Anna, on the other hand, was faring considerably better at thirty-seven, and was still frequently cast as a woman ten years younger. Regular visits to her hairdresser, Torquin Sellars, ensured no one need ever know she too was harbouring greys among her once-natural blonde locks. And she was still clinging on to her place in the top ten of the annual “most beautiful women” polls – though she knew those days were numbered. While critics had regularly questioned her acting ability, none had ever questioned her looks and she frequently wondered – feared – her face and figure were the sole reasons she’d ever got anywhere in life. To many she appeared as the vacuous, trophy wife with the easy life. But she knew the truth: life was anything but easy when you had a destructive secret boring its way a little further into your soul with every passing day. The burden of tortured days left behind, but never forgotten.

She turned to look at Richard who was by now staring intently at her, awaiting an answer to his last question which she desperately tried to remember. But it didn’t take her long to work it out considering it was a question he’d repeated almost daily in the last few weeks: How would she behave when they reached Number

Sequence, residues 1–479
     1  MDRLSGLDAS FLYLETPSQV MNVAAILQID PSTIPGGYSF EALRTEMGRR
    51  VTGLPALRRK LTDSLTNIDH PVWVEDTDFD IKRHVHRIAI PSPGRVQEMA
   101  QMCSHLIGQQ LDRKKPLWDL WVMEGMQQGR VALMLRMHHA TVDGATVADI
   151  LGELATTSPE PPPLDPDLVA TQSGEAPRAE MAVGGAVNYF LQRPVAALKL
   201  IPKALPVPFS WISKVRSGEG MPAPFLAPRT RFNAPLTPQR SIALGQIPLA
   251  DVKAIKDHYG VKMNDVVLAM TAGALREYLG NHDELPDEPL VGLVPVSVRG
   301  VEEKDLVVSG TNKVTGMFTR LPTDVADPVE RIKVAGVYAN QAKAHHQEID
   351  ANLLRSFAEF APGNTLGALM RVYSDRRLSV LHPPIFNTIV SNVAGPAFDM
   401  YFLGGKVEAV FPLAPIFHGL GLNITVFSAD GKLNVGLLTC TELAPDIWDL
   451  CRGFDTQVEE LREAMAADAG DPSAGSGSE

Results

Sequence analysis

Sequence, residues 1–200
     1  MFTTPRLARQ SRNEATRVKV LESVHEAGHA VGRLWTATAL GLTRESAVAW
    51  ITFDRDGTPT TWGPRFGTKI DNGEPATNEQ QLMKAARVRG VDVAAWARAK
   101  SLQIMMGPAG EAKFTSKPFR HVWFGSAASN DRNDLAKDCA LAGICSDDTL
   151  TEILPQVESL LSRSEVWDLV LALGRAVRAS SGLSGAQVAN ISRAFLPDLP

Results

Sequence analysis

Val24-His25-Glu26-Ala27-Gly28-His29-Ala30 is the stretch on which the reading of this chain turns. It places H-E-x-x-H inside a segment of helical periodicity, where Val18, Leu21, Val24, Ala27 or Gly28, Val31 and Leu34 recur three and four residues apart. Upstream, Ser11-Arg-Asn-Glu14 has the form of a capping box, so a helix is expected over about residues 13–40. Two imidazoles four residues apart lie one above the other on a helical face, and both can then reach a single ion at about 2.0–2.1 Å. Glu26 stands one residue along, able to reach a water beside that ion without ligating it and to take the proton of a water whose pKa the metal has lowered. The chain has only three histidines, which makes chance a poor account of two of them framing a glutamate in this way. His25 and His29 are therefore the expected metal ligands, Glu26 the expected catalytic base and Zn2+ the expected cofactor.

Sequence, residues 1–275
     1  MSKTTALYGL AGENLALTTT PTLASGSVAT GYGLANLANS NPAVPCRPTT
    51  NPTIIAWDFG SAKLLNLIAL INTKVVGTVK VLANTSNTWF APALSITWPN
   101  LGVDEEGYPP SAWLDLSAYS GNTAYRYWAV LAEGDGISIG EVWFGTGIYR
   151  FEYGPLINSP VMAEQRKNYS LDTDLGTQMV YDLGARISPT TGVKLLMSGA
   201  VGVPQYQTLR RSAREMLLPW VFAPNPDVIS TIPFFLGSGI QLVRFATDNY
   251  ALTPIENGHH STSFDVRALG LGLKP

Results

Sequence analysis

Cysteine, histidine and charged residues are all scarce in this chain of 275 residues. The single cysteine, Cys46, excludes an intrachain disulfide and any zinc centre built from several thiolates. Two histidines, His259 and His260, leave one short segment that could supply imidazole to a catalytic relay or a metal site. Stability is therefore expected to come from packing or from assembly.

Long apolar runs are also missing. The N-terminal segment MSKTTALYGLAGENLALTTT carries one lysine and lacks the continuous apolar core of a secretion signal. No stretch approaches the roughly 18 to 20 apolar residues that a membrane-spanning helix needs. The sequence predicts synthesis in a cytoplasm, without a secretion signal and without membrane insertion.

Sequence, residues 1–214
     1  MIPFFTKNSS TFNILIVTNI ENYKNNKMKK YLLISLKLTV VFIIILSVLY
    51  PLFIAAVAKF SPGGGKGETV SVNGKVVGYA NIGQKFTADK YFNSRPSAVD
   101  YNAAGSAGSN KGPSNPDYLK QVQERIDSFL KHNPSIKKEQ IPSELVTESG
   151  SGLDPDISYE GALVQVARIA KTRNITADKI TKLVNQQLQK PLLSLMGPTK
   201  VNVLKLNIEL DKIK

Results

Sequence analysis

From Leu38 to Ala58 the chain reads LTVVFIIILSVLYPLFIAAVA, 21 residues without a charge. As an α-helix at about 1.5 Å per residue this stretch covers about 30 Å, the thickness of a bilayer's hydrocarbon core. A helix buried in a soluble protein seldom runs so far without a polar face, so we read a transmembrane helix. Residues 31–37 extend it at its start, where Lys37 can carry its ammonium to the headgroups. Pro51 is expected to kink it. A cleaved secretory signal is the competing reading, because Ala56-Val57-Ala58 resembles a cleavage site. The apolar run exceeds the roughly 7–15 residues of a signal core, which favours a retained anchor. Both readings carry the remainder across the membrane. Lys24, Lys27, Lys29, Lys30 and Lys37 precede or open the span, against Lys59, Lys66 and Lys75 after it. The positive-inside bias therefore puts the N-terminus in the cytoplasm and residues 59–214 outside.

10
?

“I don’t know what I’ll do, Richard,” she sighed. “I guess it’ll just have to be whatever I’m told.”

Richard woke early with a knot of worry firmly embedded in the pit of his stomach. It was all going too damn well. It was just a bit too easy. He spoke, people applauded; he made a suggestion, everyone agreed. Even the old dinosaurs who lined the back benches were singing his praises. It can’t last, Richard fretted. Somehow he had to keep the good headlines going until the election. Kelvin looked almost certain to call a May vote because he’d been warned that the polls were only going one way, and if he left it to September he’d be lucky to beat the also-rans.